Grinding It Out

And Then One Day #9: Page 17 (Elephant Eater): Panel 1: Man, there’s so much going on in this page, as it appears that Ryan is returning home from his meeting with Dr. Polkinhorn at SDSU. I like the first panel because it seems to add so much context to the action taking place. Ryan appears as just one player in a much larger world of activity. There are cars, other people, and a bustling atmosphere. I really do enjoy this diminutive figure scale and the detail he’s able to cram in.

Panel 2: If you thought the first panel was a smaller scale that possessed high detail, then this panel ups the ante even further. We pull out to reveal the larger cityscape, clouds vanishing on the horizon as far as the eye can see, a busy intersection as we track Ryan’s tiny path through the chaos, and the entire vibe is one of contemplation, pause, or introspection as Ryan, and his audience by extension, can now reflect on the copious amount of information we absorbed through the first dozen pages or so. It seems like I keep repeating myself, but perhaps *this* panel is the smallest figure scale I’ve seen Ryan work at? The panel size is already relatively small, less than a 1/4th page, not quite a 1/9th size, and the detail is just staggering, receding into oblivion.

Panel 3, 4, 5, 6: This grouping of panels is a quick sequence that is very efficient because it gets several actions across, but doesn’t waste a lot of precious page real estate doing so. It’s also a rapid fire reminder of what an effective storyteller Ryan is from a sheer panel to panel perspective. These transitions are so tight, and so connected, that it almost spoils the reader because we don’t have to do a lot of work providing closure in the gutters.

Panel 7: There’s been a “raging debate” over Ryan’s automobile illustrations brewing across the interwebs during this issue of ATOD. Here, it’s very clear to me that Ryan is using photoreference of actual distinct makes and models, as he pointed out last time, and not simply drawing generic cars. You can clearly make out specific trucks, SUVs, and other types of vehicles. If I could offer just one further tiny little suggestion, it would be for Ryan to increase the relative size of the wheels and tires so that the wheel wells were filled in a little more and the space they occupy would be a larger proportion of the overall size of the vehicle. Since I live in San Diego, where this story is set, I’m always trying to make out backgrounds, and I wonder if Ryan intended this to be a specific street/block in SD. It’s also interesting that Ryan goes “widescreen” in the middle of the page. You’d think you’re eye would naturally be drawn to this panel, and it is briefly, but then it’s actually drawn down to the weight of the next panel. When I consciously track what my eye does across this page, it seems to work in three layers. One, I’m pulled immediately over to the cluster of panels 3, 4, 5, 6. I take that in, pause, and then two, dive into the widescreen of this panel. Three, my eye gets pulled down to panel 8. It’s a nice visual throughline of attention that traverses a diagonal line from top right to bottom left. I’m not sure if that’s significant or not, but I’m always interested in noting my own, almost involuntary, reactions to stuff like this.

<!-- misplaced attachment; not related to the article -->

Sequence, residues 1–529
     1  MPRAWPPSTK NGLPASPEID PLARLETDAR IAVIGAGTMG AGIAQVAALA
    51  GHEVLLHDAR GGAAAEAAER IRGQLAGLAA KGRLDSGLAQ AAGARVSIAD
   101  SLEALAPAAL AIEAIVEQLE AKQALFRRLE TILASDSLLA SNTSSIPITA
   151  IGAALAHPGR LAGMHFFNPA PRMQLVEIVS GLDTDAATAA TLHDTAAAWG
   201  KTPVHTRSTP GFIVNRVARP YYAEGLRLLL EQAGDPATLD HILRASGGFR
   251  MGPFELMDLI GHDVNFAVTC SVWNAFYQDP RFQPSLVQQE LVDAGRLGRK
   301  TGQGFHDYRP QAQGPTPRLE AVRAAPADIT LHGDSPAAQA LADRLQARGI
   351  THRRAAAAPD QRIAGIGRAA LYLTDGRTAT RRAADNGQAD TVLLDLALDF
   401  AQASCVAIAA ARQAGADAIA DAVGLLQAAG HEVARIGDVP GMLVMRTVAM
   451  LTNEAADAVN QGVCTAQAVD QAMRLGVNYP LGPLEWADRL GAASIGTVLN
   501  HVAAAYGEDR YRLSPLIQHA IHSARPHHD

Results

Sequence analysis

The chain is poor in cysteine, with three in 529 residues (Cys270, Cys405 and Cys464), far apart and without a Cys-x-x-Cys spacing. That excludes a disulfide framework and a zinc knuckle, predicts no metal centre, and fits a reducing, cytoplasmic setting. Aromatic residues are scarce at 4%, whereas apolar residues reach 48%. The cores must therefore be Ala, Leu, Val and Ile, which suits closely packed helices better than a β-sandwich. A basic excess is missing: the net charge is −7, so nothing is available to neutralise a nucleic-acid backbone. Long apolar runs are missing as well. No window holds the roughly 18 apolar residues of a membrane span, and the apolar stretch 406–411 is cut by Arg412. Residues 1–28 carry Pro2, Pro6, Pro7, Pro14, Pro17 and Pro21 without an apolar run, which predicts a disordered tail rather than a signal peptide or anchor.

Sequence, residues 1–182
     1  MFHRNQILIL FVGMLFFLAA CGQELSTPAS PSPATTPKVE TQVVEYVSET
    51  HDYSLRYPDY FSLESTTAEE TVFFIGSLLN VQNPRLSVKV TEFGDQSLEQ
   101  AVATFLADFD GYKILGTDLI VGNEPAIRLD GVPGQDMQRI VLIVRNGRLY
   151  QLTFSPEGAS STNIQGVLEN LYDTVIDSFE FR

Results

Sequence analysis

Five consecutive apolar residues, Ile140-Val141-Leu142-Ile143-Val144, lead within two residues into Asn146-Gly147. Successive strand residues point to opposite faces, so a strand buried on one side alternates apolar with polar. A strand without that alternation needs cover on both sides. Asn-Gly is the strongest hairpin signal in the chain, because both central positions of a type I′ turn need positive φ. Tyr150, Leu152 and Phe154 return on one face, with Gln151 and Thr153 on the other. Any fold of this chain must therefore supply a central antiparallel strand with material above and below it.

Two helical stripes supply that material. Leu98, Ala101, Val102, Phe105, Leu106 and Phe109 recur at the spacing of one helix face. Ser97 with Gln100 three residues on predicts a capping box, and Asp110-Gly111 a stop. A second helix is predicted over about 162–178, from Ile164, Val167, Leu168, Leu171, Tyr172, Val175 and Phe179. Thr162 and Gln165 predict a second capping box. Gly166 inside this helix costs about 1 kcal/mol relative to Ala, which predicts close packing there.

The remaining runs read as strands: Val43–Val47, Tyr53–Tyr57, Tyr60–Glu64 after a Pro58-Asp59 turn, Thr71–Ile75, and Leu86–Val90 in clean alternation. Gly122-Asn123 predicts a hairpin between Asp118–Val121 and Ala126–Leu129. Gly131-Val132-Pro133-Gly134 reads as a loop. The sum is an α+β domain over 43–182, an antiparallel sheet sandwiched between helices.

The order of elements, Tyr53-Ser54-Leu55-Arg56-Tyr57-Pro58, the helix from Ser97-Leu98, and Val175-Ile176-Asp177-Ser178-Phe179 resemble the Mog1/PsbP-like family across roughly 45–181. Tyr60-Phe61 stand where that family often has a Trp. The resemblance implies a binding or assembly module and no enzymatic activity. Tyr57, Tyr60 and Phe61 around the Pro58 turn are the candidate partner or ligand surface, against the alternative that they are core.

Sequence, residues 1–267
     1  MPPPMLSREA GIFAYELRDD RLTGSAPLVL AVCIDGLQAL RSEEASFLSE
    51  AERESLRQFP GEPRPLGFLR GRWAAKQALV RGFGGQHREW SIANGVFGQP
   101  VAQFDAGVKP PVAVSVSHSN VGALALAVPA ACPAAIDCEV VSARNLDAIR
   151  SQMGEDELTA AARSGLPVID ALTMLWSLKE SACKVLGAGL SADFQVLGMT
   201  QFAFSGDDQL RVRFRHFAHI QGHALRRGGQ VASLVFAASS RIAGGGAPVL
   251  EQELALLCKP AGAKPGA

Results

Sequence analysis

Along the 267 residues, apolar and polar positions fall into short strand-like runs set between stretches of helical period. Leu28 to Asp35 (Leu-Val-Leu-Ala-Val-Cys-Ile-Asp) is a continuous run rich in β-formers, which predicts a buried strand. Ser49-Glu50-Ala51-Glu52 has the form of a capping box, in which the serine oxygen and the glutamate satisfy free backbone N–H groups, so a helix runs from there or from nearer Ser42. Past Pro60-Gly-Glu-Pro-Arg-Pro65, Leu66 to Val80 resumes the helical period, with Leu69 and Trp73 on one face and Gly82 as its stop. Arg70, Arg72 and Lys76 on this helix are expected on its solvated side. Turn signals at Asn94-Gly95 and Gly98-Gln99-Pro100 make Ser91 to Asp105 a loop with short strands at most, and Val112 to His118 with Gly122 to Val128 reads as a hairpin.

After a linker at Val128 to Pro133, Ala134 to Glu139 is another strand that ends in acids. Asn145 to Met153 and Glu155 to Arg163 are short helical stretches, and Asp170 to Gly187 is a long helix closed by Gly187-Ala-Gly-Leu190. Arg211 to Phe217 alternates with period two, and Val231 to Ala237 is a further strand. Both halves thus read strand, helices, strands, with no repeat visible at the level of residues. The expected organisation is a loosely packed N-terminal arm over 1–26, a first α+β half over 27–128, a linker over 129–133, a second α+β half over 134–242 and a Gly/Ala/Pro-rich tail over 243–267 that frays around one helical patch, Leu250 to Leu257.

Panel 8: Ryan does another Family Circus homage with the dotted line pathway trailing behind the protagonist. At first, I thought this was just a little flourish that he was doing for style points. Then, I realized that it’s a pretty good tool to use in order to save space. Were he to attempt this another way, he could either A) do the same panel, but without the dotted line, which wouldn’t really emphasize any motion, or B) split the action over (at least) two panels, with the first showing him riding down the sidewalk, and then the second showing him going up or already atop the incline. As is, he’s able to really show at least two panels worth of activity and direction all in one, with style points as a bonus. Cool.

Panel 9: Not a lot to say in this last panel, other than I like the camera placement, because it’s much lower than eye level, shooting up the side of the building and toward the sky. You don’t get this angle a lot in comics. That’s that, and I’m still very curious to see where this goes next!


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